Illustration: Ward O'Neill
As a moderate in the federal Coalition, many people told me from time to time how puzzled, or disappointed, they were that I backed the turn-back-the-boats policy of Scott Morrison.
"How can you? You support refugees!" I was once cajoled.
Indeed I do. I believe Australia has a responsibility, as a wealthy and successful society, to shoulder a heavier load than most in providing a haven to those who cannot live in their own homeland through persecution or discrimination.
Australia must be in a position where it has one of the largest planned humanitarian resettlement programs, where this program is backed by most Australians and where our dollar goes much further in assisting the displaced and dispossessed of this world.
To accomplish this, Australia must end the leaky boat flotillas that cross our northern waters. And that is what turn-back-the-boats is achieving right now. I have recently spoken confidentially with members of Task Force 639, a combination of navy, army and customs personnel working in the seas off Indonesia who have been charged with the execution of this policy. The picture they paint is very different to the one portrayed by much of our media (admittedly, a situation not mitigated by the government's information blackout around border security issues).
Up until a few days ago, about six boats carrying asylum seekers have been subjected to this new policy. In all cases, the vessels were intercepted swiftly and efficiently by Australian boarding parties, secured so as to prevent the scuttling of the vessels by the passengers, and turned back (except in one case where a boat was towed, briefly, while repairs were effected) to Indonesian ports.
There was no loss of life and, because of the swift securing of the boats, valuable documentation was obtained that will assist in further disrupting the people smugglers' business model.
Military leadership of this taskforce is about much more than the government looking tough. The involvement of tactical support personnel from the army and navy has introduced a critical new element into the fight: surprise.
By intercepting boats with the lightning precision we associate with the black pyjama brigade, those aboard have been denied the ability to scuttle the boats, destroy documents and erase mobile phone records. Sabotaging their vessel's seaworthiness transfers responsibility for the welfare of those aboard from the boat's occupants to Australian authorities. Denying the passengers this tactic - and it is always the passengers who have employed it, not the crew - gives Australian authorities the option of turn back.
If the boat is seaworthy, there is no reason for its occupants to be "rescued". If it is reasonable to conclude that a seaworthy Indonesian-flagged vessel is attempting an illegal entry into Australian waters, it is just as reasonable for Australian authorities to "escort" it back to Indonesian waters with enough fuel and provisions to make it back to an Indonesian port but no further.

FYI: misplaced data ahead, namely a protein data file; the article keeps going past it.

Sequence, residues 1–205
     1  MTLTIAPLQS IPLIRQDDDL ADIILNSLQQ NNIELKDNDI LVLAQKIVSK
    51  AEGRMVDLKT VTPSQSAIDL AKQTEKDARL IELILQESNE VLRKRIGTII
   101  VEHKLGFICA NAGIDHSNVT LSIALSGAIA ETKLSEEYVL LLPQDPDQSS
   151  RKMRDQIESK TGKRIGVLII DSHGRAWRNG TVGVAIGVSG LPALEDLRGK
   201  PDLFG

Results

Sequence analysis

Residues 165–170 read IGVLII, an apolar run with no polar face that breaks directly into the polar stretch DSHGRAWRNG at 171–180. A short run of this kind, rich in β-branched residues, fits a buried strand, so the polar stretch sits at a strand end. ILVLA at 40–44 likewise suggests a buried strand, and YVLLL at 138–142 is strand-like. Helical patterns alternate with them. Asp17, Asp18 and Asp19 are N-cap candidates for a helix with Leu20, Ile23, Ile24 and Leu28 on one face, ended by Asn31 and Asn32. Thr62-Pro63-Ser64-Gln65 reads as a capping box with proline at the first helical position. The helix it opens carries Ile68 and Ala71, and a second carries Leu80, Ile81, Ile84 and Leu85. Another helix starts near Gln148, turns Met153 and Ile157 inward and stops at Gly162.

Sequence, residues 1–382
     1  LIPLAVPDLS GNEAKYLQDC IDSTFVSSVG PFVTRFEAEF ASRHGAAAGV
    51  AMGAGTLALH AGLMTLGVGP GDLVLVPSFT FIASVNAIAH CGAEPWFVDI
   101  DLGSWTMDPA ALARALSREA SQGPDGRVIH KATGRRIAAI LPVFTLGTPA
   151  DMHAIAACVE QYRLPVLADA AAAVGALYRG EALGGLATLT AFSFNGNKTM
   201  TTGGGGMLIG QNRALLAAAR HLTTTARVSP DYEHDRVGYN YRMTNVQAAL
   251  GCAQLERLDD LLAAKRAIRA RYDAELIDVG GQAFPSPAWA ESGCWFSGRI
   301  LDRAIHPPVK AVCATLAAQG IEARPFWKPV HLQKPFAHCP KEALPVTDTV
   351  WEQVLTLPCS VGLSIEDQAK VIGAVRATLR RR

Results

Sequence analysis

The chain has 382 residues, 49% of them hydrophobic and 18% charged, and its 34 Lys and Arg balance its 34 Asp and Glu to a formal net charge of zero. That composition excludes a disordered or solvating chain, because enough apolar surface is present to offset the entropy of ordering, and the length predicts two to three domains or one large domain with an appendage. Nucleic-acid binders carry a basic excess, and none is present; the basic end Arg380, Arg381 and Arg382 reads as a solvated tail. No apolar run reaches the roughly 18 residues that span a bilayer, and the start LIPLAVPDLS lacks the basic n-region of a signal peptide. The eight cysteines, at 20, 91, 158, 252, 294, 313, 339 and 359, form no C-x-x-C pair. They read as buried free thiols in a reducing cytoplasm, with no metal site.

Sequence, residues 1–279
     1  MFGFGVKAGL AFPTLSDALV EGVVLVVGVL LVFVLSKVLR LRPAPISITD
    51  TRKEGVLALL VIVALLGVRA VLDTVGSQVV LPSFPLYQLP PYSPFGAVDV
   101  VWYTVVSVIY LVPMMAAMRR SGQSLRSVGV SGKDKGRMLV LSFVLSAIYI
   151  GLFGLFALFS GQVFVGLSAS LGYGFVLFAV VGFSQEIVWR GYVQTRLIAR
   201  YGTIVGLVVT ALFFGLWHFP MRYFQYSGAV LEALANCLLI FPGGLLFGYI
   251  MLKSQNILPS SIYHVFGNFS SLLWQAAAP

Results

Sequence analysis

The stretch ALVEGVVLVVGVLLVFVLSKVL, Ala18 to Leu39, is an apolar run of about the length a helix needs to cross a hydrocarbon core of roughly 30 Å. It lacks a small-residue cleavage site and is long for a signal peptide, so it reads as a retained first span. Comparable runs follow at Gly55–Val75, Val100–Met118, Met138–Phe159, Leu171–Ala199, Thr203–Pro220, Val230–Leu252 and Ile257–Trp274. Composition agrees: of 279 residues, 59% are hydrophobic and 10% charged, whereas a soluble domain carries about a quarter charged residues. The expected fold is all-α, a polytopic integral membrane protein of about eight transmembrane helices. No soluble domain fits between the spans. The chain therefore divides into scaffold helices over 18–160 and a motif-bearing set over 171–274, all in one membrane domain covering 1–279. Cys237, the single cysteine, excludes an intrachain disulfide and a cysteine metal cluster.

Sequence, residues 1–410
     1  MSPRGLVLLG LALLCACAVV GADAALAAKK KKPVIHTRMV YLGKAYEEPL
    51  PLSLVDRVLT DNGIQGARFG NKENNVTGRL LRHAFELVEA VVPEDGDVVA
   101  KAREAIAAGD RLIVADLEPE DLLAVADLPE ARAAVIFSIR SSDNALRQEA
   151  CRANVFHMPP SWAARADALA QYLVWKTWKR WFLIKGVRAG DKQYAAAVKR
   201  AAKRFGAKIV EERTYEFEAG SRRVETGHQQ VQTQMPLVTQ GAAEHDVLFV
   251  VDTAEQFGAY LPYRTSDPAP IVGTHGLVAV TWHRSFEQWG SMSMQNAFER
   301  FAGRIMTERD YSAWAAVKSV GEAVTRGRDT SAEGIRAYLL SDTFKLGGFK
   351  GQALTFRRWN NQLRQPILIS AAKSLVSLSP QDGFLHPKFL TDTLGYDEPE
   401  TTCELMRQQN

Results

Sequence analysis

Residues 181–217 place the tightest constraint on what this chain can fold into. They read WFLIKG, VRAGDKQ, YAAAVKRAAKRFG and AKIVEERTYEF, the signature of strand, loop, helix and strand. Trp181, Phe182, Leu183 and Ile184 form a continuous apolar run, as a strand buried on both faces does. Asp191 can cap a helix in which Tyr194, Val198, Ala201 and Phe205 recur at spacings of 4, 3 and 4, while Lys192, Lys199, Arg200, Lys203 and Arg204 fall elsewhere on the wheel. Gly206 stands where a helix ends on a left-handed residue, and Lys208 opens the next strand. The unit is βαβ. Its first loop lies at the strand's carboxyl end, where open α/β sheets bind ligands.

An interesting observation from the taskforce members I spoke to concerned the very cynical role played by many passengers, the asylum seekers themselves. It is the passengers who prepare and execute the acts of sabotage on their boats - the bucket of seawater mixed with the fuel, the plank in the hull loosened to allow the entry of the sea into the bilge - and who take active steps to make themselves the responsibility of the Australians, most commonly by jumping into the sea.
These tactics have been described as the acts of desperate people, and in a sense they are. Typically they have paid thousands of dollars to fly to Indonesia and secure a place on a boat; the turning back of their vessel represents the loss of a substantial investment by them and, usually, their wider family.
I was briefed about the case of Tariq*, a passenger on one of the recent boats. As a close associate of ousted Egyptian president Mohamed Mursi, he recently fled Egypt. Like many other passengers on recent and past boats, Tariq passed through several Muslim countries where asylum could have been sought. At times he flew business class and stayed in hotels between flights.
Is Tariq a refugee? Probably, since his fate in his homeland is uncertain. Does he have a greater call on Australia's compassion than, say, a Sudanese languishing in a refugee camp in Chad? Probably not.
The use of these turn-back tactics is being questioned by refugee advocates and by the media. They are high-risk tactics, but the evidence is they are working. Boat arrivals have slowed dramatically and the cost of a place on a boat has fallen from $10,000 to $2000 (a sign the people smugglers no longer offer a guaranteed product).
If this is true, it is a major step forward. There is nothing humane about seeing people die at sea, and deaths at sea are inevitable under the previous, failed policy.
* Not his real name
Gary Humphries, a former ACT Liberal chief minister and senator, is now a lobbyist.